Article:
There’s something knowable and attainable about food. It’s an equalizer. Maybe that’s why so many magazine interviews are conducted over a meal, or why executives do lunch, or why Brad Pitt is shown scarfing down a burger in half his movies. Food is always on the level. On Netflix’s Chef’s Table, the Pastry iteration of which premieres April 13, food goes beyond this dynamic to become something new, expressive and astonishing. It’s not just life-sustaining; it’s life-changing, and that gives the show a perspective on food unique to anything else on television.
Chef’s Table focuses on some of the finest culinary minds in the world. Each episode of the series, which has covered everyone from farm-to-table innovators to Patagonia-bound woodsmen to, in Pastry, some of the most colorful dessert-makers around the world, serves as a short biography of a chef, taking you inside not only their culinary mind, but their creative mind in turn. For many subjects, those mental arenas are one and the same.
That blend of creativity and craft elevates cooking, in terms of the show, to high art. There’s a choreography to it, a design to it, a showmanship to it, a dense foundation of inspiration to it. Watching Chef’s Table is at times watching a ballet, an opera, or a church service. You might gasp. You might smile. You might cry. You’ll forget it’s a food show.
Chef’s Table has been criticized on occasion for treating its subjects like gods, and while the series certainly strikes a more, shall we say, reverent tone toward its subjects, that comparison accidentally reveals one of the profundities behind the show’s operating system: These chefs are creators in nearly every sense of the word, and that means they view food in a way that is above and beyond the norm. It’s a projection of their identity.
Cooking food is often a one-way transaction—the cook produces, and the consumer eats—and that bestows the act of cooking with a degree of social and moral value: It’s generous and sacrificial and, during seasons like the holidays, often loving. But Chef’s Table expands that notion by turning cooking into a two-way mechanism, in which the chef is so bound to the food itself that when someone else eats it, criticizes it, spits it out, or asks for seconds, that reaction feeds the chef as the giver in turn. In this way, the show is able to explore every aspect of what it means to create art, share it with the world, hear the world react, and respond.
Creation is taken for granted. You could read that as “the world is taken for granted” if you wish, but regardless of your framing, it’s true. There’s a reason for the cliche of the nature walk, when we allow ourselves to be struck anew by natural beauty. Our surroundings become normalized, and in many ways, it takes the heightened extravagance of a Chef’s Table to remind us that sometimes the ordinary is, in fact, extraordinary.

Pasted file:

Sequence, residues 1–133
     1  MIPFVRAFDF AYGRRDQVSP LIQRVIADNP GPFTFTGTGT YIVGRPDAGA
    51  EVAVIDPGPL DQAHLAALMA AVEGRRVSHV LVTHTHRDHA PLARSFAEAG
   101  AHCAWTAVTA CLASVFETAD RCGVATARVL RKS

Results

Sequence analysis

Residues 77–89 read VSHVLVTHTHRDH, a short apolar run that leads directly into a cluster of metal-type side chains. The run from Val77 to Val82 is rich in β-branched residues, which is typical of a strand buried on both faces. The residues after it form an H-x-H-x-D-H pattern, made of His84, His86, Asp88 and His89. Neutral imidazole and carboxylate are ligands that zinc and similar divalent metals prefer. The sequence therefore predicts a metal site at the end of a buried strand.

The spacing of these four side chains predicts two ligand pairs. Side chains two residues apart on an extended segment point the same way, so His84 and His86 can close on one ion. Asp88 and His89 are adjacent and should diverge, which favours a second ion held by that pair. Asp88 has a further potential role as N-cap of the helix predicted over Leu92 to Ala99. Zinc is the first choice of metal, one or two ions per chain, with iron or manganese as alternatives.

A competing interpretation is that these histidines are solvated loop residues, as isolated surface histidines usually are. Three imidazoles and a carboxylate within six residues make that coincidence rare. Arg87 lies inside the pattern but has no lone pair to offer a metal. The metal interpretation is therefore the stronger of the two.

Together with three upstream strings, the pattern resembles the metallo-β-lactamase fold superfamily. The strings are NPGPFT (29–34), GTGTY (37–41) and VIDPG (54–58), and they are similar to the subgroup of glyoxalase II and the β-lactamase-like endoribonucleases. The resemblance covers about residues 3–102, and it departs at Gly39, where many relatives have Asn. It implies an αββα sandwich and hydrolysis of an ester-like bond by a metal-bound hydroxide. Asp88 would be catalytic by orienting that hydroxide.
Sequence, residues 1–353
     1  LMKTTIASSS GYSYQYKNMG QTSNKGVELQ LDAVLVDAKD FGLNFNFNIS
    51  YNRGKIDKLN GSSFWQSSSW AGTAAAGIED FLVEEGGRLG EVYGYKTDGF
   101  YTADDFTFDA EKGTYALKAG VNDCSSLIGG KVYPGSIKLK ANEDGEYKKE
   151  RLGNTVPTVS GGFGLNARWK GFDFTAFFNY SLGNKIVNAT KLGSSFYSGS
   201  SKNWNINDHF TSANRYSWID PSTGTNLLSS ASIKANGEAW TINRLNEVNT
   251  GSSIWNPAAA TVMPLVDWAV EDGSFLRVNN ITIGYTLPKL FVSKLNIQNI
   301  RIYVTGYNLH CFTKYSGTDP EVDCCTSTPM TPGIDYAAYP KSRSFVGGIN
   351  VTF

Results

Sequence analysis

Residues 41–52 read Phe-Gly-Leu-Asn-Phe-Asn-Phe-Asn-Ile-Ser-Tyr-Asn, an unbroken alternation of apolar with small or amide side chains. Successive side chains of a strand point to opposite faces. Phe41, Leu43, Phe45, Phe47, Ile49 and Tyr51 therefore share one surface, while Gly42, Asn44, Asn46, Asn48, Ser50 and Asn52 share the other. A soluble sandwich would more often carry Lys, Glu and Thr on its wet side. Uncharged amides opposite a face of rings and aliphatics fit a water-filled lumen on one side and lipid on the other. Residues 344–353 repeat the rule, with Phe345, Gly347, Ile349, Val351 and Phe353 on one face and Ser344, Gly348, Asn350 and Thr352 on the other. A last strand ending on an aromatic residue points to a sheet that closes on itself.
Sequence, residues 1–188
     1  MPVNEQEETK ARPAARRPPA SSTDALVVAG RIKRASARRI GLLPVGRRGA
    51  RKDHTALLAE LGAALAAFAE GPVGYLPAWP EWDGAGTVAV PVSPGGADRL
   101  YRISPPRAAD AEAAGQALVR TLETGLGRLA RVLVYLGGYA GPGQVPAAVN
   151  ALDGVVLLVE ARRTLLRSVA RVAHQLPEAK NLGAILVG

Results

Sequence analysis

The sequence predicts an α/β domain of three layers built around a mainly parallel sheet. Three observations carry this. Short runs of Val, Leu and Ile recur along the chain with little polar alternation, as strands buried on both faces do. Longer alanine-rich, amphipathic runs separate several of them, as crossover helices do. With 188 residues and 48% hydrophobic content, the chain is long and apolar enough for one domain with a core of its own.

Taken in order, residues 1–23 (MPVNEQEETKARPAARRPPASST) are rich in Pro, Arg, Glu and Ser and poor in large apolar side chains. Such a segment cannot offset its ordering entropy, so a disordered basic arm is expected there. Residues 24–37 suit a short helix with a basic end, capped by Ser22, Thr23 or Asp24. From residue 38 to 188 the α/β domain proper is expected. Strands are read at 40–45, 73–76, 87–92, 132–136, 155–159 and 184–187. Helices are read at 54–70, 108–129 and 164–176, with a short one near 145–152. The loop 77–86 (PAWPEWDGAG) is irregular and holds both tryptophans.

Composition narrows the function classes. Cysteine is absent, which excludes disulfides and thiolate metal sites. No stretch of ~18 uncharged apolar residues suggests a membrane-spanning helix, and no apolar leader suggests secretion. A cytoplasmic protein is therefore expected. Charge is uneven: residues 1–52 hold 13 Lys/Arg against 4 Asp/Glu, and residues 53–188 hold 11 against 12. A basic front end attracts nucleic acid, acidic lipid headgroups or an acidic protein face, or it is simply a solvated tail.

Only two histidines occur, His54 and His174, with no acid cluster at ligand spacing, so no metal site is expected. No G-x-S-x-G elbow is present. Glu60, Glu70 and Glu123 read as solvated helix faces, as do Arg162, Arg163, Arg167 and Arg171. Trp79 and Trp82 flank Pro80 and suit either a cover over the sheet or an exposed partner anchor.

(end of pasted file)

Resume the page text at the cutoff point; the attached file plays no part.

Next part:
The show is at its best when it draws an illustration between a chef’s broader creative conflict with a specific dish they’re trying to perfect. Oftentimes, that creative breakthrough comes via a total reimagining of how that dish can manifest, like Grant Achatz’s apple balloon, or Will Goldfarb’s savory meringue. When the show brings these sequences to a climax with a final revealing shot of the plate, the effect is revelatory. Your brain lights up like you’re looking at the northern lights, or the Grand Canyon. It’s seeing the everyday—food—in a sense that is entirely special. Frankly, it’s awe-inspiring.
But it’s not a passive awe, which you might expect for a TV show. Rather, this sense of oh-my-goodness feels different because it’s about food, which again, is an equalizer. There’s something inherently accessible about it. These plates aren’t the Mona Lisa; they’re understandable. They’re not mysterious and they don’t feel like they’ve been birthed out of something secretive or impossible. It’s food. It’s natural. The answer was there the entire time, it just took the right person to draw it out.
And that makes Chef’s Table, paradoxically, a participatory experience. There’s always a feeling like you can attain what’s on the screen, if not in a “try this at home” sense, certainly in a “I could experience that” sense. In simpler, less writer-y terms: You can eat it. There’s almost no act more human, grounded, and simple than that. You can put it in your mouth and eat it, no matter how beautiful or unexpected it is.
Chef’s Table, then, has the ability to expand your worldview. If you can participate in something this artistic and masterful, you’re free to engage with creation across the board with more possibility and reality in mind. Creation isn’t just something that exists around us; it’s something we play a part in. You can add, subtract, reverse, or transform it. It’s an inspiring thought, but one loaded with responsibility, too.
Chef’s Table takes one of our simplest urges and elevates it to an art form, but it doesn’t forget to lift us up alongside the chefs. We might never be on the same side of the table as these creators, but we’re still at the same table, and that’s an enlightening, empowering invitation.
Tyler Daswick is a senior writer at Relevant. Follow him on Twitter @tylerdaswick.